Hydrocephalus Following Experimental Subarachnoid Hemorrhage in Rats with Different Aerobic Capacity Article (Faculty180)

cited authors

  • Toyota, Yasunori; Shishido, Hajime; Ye, Fenghui; Koch, Lauren G; Britton, Steven L; Garton, Hugh J L; Keep, Richard F; Xi, Guohua; Hua, Ya


  • Low aerobic capacity is considered to be a risk factor for stroke, while the mechanisms underlying the phenomenon are still unclear. The current study looked into the impacts of different aerobic capacities on early brain injury in a subarachnoid hemorrhage (SAH) model using rats bred for high and low aerobic capacity (high-capacity runners, HCR; low-capacity runners, LCR). SAH was modeled with endovascular perforation in HCR and LCR rats. Twenty-four hours after SAH, the rats underwent behavioral testing and MRI, and were then euthanized. The brains were used to investigate ventricular wall damage, blood-brain barrier breakdown, oxidative stress, and hemoglobin scavenging. The LCR rats had worse SAH grades ( < 0.01), ventricular dilatation ( < 0.01), ventricular wall damage ( < 0.01), and behavioral scores ( < 0.01). The periventricular expression of HO-1 and CD163 was significantly increased in LCR rats ( < 0.01 each). CD163-positive cells were co-localized with HO-1-positive cells. The LCR rats had greater early brain injuries than HCR rats. The LCR rats had more serious SAH and extensive ventricular wall damage that evolved more frequently into hydrocephalus. This may reflect changes in iron handling and neuroinflammation.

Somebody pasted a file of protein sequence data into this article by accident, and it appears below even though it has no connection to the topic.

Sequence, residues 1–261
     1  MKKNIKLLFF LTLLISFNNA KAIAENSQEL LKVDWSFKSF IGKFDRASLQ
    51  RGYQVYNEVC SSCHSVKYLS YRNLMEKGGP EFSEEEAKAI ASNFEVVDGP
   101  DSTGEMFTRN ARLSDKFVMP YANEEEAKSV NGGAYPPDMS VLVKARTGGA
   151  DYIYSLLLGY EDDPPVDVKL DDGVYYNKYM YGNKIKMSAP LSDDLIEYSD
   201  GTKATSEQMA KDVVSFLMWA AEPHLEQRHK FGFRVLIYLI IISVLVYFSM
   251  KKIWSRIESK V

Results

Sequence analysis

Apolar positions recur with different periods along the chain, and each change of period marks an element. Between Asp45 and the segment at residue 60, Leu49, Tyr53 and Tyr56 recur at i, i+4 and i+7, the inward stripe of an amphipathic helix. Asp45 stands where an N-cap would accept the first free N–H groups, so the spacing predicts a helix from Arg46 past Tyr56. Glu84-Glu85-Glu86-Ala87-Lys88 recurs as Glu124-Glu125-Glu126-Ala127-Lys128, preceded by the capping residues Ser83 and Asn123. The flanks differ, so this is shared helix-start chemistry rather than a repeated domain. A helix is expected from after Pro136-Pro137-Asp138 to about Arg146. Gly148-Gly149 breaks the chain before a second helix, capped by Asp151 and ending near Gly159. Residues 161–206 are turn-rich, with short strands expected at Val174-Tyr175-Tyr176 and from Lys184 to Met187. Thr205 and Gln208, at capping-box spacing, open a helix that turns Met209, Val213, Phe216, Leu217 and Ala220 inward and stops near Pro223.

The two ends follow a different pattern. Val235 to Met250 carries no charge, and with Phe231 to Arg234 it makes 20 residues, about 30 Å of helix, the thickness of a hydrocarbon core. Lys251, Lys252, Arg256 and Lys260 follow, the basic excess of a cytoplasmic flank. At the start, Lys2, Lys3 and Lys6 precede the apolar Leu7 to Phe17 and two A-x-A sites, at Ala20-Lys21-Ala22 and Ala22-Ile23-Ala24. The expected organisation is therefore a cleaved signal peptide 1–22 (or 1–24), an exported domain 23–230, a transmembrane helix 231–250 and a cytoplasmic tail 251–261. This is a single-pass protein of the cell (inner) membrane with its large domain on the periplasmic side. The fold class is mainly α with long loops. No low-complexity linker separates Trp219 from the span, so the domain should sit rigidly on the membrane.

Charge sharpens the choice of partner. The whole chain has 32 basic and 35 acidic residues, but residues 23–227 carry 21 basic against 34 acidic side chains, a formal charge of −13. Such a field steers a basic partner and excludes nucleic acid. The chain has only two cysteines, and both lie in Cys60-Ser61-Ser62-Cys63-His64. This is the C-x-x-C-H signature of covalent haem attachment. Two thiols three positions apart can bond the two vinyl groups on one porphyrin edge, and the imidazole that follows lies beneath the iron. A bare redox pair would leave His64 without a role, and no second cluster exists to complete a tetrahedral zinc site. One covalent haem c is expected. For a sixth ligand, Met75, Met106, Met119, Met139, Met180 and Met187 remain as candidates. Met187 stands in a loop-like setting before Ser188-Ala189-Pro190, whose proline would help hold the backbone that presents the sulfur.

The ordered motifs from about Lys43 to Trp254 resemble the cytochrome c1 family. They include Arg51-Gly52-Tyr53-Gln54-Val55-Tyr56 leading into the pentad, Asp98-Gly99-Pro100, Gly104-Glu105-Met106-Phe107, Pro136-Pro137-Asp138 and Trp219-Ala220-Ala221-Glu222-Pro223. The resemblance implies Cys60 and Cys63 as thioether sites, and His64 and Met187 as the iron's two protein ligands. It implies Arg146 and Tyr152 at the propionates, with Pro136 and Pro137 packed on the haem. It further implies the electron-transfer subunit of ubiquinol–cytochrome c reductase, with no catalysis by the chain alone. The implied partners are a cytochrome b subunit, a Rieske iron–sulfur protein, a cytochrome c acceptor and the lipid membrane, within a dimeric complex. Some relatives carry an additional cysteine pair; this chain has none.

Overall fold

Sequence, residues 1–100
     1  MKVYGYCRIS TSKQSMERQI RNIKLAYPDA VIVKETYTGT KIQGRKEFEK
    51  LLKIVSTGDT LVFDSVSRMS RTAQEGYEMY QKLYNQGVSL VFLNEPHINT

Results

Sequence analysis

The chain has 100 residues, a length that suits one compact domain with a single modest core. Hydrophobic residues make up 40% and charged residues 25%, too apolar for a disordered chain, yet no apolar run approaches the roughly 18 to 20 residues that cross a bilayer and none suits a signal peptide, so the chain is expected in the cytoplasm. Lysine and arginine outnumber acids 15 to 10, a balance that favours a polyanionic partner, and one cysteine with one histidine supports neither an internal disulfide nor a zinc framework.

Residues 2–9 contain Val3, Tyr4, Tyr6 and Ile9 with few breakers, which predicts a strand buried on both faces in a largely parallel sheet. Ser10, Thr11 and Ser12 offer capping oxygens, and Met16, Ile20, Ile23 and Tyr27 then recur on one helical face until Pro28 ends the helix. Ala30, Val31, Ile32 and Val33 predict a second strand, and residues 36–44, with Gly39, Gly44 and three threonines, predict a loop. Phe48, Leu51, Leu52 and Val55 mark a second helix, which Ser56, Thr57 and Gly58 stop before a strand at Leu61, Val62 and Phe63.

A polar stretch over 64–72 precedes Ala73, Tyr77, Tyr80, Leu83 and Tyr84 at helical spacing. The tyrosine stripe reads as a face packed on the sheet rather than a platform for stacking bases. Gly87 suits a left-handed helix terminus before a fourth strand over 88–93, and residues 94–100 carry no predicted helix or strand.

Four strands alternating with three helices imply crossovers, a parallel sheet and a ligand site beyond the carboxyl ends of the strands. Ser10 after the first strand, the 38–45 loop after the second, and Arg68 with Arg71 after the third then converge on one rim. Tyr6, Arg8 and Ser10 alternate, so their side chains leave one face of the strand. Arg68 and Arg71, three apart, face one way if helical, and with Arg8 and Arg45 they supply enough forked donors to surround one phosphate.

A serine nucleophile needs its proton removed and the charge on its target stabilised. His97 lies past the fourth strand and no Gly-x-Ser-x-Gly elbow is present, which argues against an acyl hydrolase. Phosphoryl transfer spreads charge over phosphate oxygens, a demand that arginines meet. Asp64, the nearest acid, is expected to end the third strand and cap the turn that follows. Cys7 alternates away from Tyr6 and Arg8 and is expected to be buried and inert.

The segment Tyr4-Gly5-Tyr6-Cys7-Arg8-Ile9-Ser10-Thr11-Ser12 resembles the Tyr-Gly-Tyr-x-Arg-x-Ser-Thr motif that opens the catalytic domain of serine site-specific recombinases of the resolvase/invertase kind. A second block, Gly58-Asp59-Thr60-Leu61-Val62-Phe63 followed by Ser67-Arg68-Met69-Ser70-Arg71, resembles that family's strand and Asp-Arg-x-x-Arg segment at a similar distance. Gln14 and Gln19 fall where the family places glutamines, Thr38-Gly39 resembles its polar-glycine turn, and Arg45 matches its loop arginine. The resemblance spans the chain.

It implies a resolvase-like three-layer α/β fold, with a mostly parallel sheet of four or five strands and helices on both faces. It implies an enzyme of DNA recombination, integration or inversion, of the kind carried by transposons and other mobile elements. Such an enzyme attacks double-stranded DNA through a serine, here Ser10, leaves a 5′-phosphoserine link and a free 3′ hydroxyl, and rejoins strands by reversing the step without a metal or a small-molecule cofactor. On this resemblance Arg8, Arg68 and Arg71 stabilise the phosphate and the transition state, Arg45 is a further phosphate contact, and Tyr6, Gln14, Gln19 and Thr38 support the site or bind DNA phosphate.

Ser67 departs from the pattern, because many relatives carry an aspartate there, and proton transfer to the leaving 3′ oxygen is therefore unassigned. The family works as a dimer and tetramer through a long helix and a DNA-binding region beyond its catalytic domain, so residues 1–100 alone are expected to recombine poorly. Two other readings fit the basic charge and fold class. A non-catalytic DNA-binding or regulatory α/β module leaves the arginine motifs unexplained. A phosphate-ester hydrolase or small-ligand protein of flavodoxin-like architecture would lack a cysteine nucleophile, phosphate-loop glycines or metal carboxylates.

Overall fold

publication date

  • 2021


  • 22